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New UHRC chairperson, commissioners pledge swift investigations

Newly appointed UHRC chairperson Mariam Wangadya addresses the press shortly after meeting the vetting committee of Parliament. 

Kampala, Uganda | THE INDEPENDENT | The newly appointed Uganda Human Rights Commission (UHRC) chairperson, Mariam Wangadya has committed to ensuring quick investigations for cases of human rights violations.

Wangadya made the comments shortly after appearing before the Appointments Committee of Parliament for vetting. The committee approved Wangadya together with four other commissioners who were recently appointed by President Yoweri Museveni.

The commissioners include former Ethics and Integrity Minister Simon Lokodo, the former coordinator of the Citizens’ Coalition for Electoral Democracy in Uganda (CCEDU), Crispin Kaheru, former Kampala Capital City Authority (KCCA) councilor Shifra Lukwago and former Sheema Woman MP Jacklet Atuhaire.

Speaking to journalists at parliament, Wangadya said that she comes with experience having previously served as a commissioner for 16 years. She also noted that the vetting process went well and that she was positive about the outcome. She promised that she would investigate each and every complaint and give redress to victims depending on the outcome of the investigations.

Wangadya also appealed to Parliament to help the commission ensure that awards made by previous human rights tribunals are paid by the concerned institutions.

Simon Lokodo, one of the newly appointed commissioners described his engagement with the committee as interesting and that he had been questioned about his interest in the assignment, challenges envisaged especially in regard to previous reports indicating inhumane handling of suspects by security personnel.

“And I said, overall, the government of Uganda is very apt at ensuring that the rights and privileges of its citizens are respected as per the Constitution,” Lokodo said, adding that he will continue with his work of ensuring that Ugandans respect rights of others and also hold high moral values.

Crispin Kaheru said that the questions posed by the committee regarding the civic space and how it can be improved were pertinent. He added that there is a need for Uganda to invest more in civic education and that these resources and capacity will help the country pay a much lesser price when it comes to issues of human rights.

“And I think we are in a contest, we cannot run away from it. There is a lot that we need to do to continue working on a path of improving our human rights recording and rating as a country. I reaffirmed to the committee that given my background and expertise, I will be able to add relevant value to ensure that we continue walking on a path of improvement in terms of human rights record and rating as a country,” said Kaheru.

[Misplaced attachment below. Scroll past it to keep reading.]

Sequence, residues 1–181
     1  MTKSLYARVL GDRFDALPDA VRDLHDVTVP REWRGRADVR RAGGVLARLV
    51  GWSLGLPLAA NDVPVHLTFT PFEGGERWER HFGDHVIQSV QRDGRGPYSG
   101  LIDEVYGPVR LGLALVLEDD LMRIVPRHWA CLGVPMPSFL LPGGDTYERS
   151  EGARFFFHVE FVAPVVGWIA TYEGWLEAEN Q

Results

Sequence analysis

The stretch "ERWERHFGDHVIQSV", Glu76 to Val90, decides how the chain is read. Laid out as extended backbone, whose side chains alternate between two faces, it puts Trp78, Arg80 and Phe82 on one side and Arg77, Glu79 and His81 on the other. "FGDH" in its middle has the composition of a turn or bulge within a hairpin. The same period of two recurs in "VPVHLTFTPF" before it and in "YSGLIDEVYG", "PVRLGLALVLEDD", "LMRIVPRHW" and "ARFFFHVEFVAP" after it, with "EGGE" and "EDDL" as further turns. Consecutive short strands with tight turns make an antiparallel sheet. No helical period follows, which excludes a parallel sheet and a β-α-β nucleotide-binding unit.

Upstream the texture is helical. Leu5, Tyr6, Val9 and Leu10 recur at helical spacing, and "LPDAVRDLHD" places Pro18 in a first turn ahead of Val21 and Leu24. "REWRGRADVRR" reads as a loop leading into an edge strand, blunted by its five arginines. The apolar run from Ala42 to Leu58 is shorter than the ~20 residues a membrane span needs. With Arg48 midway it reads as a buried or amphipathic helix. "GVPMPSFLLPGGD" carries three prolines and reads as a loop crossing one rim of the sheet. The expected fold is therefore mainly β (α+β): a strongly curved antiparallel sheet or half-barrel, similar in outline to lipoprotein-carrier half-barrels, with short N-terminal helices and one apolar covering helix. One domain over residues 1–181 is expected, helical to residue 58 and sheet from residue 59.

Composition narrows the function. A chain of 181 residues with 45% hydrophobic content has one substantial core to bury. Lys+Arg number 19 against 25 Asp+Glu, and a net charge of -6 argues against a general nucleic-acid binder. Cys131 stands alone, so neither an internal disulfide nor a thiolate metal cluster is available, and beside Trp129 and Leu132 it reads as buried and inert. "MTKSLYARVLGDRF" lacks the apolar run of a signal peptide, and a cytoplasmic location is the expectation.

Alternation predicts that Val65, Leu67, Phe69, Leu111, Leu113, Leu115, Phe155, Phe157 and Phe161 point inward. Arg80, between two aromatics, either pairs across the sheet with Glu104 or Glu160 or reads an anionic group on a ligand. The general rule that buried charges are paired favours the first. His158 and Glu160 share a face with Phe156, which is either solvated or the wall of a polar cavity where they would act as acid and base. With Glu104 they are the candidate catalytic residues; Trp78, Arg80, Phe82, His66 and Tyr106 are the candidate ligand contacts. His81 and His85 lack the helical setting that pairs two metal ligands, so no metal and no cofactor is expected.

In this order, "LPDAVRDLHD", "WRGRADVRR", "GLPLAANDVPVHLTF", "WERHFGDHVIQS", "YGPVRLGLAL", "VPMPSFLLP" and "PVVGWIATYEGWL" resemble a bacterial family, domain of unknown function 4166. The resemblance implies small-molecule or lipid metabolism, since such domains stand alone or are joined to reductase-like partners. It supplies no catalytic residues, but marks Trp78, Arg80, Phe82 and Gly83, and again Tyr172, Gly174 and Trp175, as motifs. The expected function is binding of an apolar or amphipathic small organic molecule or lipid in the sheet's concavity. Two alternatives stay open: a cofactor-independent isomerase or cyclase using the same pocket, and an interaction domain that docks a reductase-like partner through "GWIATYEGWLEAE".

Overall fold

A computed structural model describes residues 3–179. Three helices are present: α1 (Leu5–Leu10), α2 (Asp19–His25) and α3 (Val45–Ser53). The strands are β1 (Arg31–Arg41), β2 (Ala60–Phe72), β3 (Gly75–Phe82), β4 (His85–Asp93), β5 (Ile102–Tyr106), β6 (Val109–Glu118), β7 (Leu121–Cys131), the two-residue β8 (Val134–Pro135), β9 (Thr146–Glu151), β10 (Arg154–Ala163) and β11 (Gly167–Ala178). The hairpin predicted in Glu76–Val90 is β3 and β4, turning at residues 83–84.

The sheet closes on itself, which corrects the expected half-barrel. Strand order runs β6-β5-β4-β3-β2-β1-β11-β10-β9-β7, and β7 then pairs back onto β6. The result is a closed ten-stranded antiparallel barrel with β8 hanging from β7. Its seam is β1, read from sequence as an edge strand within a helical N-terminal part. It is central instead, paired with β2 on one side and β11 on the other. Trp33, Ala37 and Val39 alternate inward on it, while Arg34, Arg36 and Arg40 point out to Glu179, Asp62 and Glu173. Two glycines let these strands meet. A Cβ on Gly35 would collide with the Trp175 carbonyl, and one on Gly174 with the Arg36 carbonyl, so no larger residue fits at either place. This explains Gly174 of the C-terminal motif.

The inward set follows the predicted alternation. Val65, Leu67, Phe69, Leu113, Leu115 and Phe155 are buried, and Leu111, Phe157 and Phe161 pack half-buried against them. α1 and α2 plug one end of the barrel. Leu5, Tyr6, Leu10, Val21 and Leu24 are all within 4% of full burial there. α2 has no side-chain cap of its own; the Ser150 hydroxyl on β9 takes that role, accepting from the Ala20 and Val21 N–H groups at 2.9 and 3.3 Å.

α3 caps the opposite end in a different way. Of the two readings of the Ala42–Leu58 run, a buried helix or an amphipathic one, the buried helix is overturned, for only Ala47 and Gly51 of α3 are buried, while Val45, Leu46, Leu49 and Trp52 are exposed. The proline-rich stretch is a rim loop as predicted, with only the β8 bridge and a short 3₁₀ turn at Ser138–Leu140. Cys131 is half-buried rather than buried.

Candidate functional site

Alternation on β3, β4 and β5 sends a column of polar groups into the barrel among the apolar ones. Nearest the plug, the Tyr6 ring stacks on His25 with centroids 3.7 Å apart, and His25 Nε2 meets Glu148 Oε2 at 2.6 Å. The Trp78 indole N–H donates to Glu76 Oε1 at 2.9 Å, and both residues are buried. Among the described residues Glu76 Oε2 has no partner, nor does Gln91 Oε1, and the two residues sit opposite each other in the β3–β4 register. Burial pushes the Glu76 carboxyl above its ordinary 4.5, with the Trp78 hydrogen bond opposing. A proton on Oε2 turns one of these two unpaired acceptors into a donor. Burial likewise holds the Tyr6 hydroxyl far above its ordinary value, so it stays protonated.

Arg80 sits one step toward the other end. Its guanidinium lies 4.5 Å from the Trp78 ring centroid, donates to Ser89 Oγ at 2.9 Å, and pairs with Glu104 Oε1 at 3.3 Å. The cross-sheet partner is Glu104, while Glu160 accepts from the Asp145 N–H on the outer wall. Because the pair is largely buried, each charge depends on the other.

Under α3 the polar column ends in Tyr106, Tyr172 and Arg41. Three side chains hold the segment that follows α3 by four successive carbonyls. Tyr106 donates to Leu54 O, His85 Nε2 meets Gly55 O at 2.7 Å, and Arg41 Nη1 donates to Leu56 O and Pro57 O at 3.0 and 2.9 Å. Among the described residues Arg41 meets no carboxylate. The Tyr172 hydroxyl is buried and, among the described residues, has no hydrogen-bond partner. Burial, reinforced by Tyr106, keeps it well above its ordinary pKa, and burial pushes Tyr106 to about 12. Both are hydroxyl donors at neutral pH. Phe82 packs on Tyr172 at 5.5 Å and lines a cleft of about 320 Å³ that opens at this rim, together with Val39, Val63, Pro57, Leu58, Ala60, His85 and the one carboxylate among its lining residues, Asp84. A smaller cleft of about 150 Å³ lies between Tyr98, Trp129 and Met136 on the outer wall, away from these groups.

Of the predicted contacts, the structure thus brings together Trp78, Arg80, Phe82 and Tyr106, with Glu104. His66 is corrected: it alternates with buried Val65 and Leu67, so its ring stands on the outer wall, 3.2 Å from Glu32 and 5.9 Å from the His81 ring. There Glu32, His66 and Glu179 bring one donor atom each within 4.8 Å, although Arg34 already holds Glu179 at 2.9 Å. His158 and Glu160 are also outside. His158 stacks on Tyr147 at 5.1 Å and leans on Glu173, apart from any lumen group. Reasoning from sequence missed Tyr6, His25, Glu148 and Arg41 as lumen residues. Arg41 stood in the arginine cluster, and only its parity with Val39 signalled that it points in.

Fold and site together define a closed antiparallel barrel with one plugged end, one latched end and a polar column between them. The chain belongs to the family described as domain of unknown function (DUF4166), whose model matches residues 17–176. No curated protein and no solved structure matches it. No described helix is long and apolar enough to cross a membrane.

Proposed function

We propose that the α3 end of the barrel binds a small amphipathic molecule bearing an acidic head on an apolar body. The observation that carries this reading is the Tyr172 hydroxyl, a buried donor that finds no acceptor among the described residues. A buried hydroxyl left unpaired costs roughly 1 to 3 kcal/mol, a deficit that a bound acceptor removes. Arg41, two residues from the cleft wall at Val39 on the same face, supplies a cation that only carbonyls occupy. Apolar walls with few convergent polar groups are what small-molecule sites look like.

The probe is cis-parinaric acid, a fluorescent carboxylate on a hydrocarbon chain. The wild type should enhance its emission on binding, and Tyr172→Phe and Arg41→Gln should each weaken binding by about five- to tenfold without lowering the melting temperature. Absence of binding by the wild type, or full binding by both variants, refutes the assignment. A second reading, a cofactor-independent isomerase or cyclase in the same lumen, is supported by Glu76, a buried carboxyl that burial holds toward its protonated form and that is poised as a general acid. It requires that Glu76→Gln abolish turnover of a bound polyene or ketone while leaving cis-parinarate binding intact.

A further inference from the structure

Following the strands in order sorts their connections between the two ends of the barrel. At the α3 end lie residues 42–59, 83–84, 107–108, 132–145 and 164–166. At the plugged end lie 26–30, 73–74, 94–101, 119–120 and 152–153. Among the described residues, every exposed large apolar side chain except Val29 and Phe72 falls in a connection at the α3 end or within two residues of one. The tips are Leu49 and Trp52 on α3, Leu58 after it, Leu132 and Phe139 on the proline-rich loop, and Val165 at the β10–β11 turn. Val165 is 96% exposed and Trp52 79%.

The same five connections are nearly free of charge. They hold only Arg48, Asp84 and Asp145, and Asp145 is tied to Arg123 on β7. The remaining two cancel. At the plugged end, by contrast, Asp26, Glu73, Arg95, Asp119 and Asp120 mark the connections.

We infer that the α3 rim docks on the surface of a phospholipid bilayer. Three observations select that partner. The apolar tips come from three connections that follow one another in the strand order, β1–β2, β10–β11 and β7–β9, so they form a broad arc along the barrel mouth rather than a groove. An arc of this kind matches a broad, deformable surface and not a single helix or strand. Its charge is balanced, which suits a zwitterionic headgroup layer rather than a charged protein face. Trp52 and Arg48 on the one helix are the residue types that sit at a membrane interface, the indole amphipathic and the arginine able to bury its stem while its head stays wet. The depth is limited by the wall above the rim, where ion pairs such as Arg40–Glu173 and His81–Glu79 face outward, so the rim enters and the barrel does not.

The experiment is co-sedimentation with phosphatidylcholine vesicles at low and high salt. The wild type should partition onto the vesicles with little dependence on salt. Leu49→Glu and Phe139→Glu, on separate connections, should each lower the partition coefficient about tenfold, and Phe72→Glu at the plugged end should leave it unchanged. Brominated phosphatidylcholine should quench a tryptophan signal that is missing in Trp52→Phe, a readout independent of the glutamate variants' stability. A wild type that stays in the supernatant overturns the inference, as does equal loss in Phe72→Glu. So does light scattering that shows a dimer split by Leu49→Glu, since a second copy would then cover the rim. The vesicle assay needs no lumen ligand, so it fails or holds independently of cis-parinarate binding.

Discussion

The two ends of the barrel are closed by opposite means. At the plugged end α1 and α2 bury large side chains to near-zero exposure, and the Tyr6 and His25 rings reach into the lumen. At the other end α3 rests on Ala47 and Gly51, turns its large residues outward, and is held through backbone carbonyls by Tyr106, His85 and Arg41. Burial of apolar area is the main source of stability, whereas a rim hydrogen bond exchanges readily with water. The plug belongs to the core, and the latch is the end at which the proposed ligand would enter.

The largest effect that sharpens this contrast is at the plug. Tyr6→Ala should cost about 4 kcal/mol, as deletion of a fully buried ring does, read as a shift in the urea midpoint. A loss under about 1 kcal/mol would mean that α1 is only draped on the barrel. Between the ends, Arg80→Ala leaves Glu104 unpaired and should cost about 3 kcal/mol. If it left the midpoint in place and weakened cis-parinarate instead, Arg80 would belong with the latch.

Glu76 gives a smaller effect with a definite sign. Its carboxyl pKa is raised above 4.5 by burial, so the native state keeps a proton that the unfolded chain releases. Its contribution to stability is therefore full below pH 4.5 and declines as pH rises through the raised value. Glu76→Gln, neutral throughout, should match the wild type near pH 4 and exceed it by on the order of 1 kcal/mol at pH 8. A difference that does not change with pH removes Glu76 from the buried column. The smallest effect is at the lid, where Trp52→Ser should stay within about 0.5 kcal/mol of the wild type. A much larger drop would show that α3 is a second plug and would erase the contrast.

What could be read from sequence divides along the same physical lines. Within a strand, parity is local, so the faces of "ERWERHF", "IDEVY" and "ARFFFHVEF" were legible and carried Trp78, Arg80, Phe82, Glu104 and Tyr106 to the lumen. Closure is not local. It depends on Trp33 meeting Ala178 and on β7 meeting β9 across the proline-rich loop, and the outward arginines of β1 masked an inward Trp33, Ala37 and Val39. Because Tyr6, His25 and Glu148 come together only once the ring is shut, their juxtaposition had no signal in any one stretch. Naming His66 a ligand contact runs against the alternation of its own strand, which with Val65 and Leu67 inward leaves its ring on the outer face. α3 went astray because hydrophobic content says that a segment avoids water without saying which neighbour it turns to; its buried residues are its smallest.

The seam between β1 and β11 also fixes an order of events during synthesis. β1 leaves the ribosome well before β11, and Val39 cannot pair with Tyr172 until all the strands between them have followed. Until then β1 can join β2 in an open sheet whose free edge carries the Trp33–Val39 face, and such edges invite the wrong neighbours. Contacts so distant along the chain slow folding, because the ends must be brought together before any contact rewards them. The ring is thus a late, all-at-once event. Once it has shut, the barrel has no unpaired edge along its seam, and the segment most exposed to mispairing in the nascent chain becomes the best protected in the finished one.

Asked whether he has not been compromised to work for a government that he had in the past criticized, Kaheru said that he will continue to condemn human rights violations.

Shifra Lukwago, a former councillor appreciated the President for choosing her as one of the activists of human rights and that she will serve to the best of her capability as she joins the constitutional body mandated with the monitoring and advancement of human rights in the country.

She also noted that her position as Democratic Party (DP) Kampala Women leader is now to fall vacant as she moves on to serve all Ugandans. Lukwago said that Ugandans should not misunderstand her appointment since it is not a betrayal to her past positions and affiliation to opposition political parties.

She emphasized that she is honoured that the President chose a person from the Opposition to protect and promote the rights of Ugandans.

The functions of the Commission are investigating complaints made against violations of any human right, visit jails, prisons and places of detention to assess conditions of inmates, recommend to parliament measures to promote human rights, monitor the government’s compliance with international treaty and convention obligations on human rights, among others.

The body has since 2019 had no chairperson after the death of its former head, Med Kaggwa who died in November 2019. More top positions fell vacant after the resignation of Commissioner Victoria Rusoke Businge, who contested and won the Woman MP seat for Kabarole district in the 11th Parliament while another’s term of office expired in 2018. The UHRC Act provides only 7 positions for Commissioners.

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